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re-collect (oneself)

To become composed again, especially after one has been flustered or confused.
References in periodicals archive ?
Clarifying who I am involves discovering early introjections and dis-identifying with them, discovering all the many projections and re-collecting them, and discovering the other psychical subjects who populate the unconscious and forming alliances with them.
Re-collecting the symbol manifested through projection also reunites the worshipper with the worshipped: "As long as an illusion of ego remains, the commensurate illusion of a separate deity also will be there; and vice versa, as long as the idea of a separate deity is cherished, an illusion of ego, related to it in love, fear, worship, exile or atonement, will also be there" (Campbell, 1991, p.
10) summarizes five stages in projecting and re-collecting the abandoned parts of ourselves.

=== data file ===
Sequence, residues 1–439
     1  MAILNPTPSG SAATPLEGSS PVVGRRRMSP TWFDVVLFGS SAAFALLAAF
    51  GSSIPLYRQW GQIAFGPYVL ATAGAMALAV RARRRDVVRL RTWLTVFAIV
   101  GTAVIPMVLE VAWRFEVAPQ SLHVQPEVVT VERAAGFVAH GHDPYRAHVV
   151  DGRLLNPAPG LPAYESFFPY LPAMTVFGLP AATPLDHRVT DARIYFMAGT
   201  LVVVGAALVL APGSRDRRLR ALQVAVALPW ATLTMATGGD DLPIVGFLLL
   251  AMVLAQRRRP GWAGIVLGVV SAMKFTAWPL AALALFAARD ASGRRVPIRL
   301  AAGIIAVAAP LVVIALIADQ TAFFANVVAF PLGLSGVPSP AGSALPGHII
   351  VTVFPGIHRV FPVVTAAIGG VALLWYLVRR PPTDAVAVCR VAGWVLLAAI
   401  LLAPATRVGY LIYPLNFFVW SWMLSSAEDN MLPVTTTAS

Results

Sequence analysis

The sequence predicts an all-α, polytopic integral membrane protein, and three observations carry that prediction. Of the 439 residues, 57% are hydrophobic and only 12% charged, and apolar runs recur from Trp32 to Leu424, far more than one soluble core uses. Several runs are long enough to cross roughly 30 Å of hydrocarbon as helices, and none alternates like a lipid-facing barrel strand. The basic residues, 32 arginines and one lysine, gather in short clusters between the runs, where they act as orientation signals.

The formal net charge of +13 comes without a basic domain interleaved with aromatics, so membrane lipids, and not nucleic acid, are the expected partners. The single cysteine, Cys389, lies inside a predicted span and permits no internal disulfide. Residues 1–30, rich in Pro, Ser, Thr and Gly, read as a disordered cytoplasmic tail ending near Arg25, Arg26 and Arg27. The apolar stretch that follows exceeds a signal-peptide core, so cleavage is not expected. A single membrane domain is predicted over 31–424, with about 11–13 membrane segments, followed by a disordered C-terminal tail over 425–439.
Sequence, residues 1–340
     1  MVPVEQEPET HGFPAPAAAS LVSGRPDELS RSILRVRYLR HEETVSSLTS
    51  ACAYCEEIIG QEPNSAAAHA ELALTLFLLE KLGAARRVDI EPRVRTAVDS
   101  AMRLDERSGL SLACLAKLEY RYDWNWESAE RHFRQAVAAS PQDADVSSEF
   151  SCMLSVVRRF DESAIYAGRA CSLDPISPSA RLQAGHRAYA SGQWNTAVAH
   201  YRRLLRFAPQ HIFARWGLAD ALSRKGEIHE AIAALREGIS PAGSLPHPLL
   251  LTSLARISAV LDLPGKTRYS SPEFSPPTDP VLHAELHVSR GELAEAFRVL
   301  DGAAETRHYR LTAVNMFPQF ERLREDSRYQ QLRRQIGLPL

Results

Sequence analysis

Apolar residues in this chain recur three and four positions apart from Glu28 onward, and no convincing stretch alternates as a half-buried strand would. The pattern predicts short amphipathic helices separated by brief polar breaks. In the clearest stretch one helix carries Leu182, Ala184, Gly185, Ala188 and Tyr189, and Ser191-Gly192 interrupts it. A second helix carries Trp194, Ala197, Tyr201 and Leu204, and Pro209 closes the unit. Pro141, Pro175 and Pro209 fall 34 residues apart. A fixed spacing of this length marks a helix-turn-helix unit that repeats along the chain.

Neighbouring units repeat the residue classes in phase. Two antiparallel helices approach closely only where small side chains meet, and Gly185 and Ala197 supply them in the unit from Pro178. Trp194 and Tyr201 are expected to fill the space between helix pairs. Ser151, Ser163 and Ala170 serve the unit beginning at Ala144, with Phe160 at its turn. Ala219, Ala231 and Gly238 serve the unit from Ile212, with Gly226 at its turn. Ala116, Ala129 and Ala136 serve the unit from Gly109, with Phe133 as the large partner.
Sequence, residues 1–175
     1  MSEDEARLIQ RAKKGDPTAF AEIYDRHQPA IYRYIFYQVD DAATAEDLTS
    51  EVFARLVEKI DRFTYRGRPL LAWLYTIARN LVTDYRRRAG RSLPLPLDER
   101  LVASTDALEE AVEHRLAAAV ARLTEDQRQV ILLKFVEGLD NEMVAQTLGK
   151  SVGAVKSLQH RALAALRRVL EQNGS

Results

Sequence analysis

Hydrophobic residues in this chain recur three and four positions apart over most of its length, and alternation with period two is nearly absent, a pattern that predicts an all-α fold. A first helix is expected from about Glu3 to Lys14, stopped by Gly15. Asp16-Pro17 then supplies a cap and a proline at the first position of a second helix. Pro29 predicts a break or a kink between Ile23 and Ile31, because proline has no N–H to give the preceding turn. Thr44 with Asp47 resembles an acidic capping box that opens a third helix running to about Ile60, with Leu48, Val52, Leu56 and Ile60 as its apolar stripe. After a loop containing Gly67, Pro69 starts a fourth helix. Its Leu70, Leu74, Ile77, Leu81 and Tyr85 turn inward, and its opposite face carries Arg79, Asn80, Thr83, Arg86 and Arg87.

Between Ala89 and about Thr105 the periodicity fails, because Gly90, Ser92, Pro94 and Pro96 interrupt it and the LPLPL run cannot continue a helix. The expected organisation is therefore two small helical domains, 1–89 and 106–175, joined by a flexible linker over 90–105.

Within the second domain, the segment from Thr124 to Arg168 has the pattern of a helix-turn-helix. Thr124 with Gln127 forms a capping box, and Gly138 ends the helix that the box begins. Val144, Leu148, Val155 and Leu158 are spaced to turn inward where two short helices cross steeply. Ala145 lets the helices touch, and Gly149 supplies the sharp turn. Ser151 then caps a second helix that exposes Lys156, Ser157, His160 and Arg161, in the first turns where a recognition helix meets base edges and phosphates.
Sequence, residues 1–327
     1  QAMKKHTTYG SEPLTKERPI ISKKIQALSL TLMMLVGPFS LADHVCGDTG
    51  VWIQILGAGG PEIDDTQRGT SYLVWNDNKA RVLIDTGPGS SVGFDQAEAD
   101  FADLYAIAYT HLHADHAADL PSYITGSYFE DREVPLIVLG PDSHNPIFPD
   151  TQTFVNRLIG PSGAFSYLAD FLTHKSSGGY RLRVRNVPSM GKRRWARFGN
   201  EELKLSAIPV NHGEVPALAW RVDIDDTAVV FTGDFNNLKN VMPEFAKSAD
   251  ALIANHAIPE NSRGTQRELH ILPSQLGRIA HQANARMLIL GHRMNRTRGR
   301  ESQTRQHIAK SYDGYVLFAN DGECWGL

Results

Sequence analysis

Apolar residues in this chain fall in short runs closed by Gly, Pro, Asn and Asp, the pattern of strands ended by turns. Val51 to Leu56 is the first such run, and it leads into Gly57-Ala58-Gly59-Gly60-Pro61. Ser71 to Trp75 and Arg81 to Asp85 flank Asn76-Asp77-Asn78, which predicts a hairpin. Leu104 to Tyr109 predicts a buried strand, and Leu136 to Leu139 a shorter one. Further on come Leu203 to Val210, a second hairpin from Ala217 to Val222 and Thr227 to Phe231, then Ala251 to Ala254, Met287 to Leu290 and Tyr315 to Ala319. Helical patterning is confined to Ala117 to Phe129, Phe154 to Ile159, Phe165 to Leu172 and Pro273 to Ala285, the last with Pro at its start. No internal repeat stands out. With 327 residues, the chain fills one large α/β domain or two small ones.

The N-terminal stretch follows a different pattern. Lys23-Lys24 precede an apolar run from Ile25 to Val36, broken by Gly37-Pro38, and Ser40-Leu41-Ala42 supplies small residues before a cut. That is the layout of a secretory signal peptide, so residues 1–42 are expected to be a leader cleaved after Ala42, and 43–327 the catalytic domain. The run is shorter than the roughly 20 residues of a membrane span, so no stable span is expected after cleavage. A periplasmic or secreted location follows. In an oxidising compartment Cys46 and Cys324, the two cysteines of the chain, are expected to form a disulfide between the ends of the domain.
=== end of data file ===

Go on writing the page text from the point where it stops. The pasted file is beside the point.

Patient samples collected in biobanks or in clinical trials are limited in quantity and re-collecting the sample from the same donor at some later time is often not feasible or could result in different DNA content.
Re-: Re-Flecting, Re-Membering, Re-Collecting, Re-Selecting, Re-Warding, Re-Wording, Re-Iterating, Re-et-Cetra-Ing (in) Hegel.
But when measured against the expense of storing and growing out seed, re-collecting samples from well-catalogued in situ preserves in response to requests may be economically feasible.
In addition, lost or stolen cards can be canceled and changed without the expense and time of retaking a photo and re-collecting information.
He is Tom, the teenaged boy whom the narrator wistfully recollects in Nocturnes for the King of Naples--almost literally re-collecting him, that is, piece by piece from broken wholeness, until he is re-created from memory and thus restored to the narrative's present tense: "what is happening now is his step up onto the diving board, his pause, and then his slow stride and the bounce up into the night sky, where he clasps his knees, somersaults--and remains, dark pine trees all around the blazing sapphire pool.
Though "On Recollection" and "On Imagination" do not celebrate God per se, they celebrate Wheatley's re-collecting of the images of God and her self.